For the righteous LORD loves righteousness; his countenance does behold the upright.
Read Chapter 11
Augustine of Hippo
11. "Fire and brimstone and the blast of the tempest is the portion of their cup." This is their punishment and end, by whom the name of God is blaspbemed; that first they should be wasted by the fire of their own lusts, then by the ill savour of their evil deeds cast off from the company of the blessed, at last carried away and overwhelmed suffer penalties unspeakable. For this is the portion of their cup: as of the righteous, "Thy cup inebriating how excellent is it! for they shall be inebriated with the richness of Thine house." Now I suppose a cup is mentioned for this reason, that we should not suppose that anything is done by God's providence, even in the very punishments of sinners, beyond moderation and measure. And therefore as if he were giving a reason why this should be, he added, "For the Lord is righteous, and hath loved righteousnesses" (ver. 7). The plural not without meaning, but only because he speaks of men, is as that righteousnesses be understood to be used for rig...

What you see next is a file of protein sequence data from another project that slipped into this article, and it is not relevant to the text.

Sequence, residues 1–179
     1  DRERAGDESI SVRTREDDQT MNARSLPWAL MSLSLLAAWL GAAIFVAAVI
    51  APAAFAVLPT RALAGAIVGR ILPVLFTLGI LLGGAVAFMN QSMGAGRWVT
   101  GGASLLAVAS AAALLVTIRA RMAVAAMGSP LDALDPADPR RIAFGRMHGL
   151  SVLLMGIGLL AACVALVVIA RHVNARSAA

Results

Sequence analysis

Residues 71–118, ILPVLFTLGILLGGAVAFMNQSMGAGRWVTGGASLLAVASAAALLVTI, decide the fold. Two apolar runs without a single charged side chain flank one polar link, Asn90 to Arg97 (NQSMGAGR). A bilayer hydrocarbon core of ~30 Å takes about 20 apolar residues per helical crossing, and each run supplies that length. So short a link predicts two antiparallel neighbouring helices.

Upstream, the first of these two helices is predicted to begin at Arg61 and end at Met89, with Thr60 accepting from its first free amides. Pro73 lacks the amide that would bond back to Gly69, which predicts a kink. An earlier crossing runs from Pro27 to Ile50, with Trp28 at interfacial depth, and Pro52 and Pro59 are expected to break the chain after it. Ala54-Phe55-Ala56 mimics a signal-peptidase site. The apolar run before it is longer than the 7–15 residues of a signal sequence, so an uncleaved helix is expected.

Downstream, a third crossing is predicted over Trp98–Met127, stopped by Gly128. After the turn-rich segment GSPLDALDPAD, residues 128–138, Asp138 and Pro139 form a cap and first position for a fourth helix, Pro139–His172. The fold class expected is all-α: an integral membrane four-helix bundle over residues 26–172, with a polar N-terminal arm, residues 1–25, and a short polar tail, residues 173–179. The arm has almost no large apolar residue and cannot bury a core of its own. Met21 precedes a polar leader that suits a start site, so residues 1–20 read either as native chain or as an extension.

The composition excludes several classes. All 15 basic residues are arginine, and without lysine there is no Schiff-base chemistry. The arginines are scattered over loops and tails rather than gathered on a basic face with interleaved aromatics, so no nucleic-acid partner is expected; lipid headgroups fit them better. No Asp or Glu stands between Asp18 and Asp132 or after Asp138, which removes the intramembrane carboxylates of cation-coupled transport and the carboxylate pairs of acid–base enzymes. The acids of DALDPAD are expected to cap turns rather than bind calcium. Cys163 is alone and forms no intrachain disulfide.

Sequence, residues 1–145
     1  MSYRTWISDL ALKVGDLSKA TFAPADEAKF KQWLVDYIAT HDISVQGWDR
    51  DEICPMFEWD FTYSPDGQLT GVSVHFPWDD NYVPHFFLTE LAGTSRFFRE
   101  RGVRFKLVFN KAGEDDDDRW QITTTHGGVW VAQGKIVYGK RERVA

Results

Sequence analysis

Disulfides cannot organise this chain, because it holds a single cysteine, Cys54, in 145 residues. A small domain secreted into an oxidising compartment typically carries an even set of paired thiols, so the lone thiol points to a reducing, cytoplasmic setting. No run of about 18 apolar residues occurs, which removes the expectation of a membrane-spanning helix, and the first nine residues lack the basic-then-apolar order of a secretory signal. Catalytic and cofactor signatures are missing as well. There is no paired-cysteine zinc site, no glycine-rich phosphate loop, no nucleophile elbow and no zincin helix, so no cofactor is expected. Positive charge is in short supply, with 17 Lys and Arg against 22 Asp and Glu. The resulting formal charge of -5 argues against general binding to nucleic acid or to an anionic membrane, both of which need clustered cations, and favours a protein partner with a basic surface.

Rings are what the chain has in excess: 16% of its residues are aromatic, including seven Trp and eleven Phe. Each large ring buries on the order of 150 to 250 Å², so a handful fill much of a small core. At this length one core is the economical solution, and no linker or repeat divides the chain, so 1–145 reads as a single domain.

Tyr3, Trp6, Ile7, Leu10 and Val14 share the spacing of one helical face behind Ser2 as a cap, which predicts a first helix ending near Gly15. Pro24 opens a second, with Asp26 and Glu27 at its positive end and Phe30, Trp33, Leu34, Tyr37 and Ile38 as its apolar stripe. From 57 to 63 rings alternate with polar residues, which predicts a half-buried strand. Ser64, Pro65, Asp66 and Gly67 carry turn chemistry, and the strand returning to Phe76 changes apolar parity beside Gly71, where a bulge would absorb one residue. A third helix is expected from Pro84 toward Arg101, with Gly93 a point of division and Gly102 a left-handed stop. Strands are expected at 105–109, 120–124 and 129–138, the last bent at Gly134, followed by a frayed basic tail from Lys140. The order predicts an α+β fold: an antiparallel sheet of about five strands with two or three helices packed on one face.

Righteousness. As, on the other hand, (Haydock) the upright shall behold God, (Matthew v. 8.) while the wicked shall be driven into darkness (Calmet) for all eternity. In vain do modern sophists pretend that hell will not last for ever because God is incapable of revenge, or of delighting in the torture of his creatures. They use the word revenge in a wrong sense. (Berthier)
God is not subject to any passion; but his justice requires that those should be eternally punished, whose will is always impious. (Haydock)
Can they show that there will be room for repentance in the other world? (Berthier) or that the wicked would make use of it, if granted, since they would not repent as long as they lived? By the same arguments, they might as well prove that God could not punish at all. (Haydock) (Daniel iii. 27.)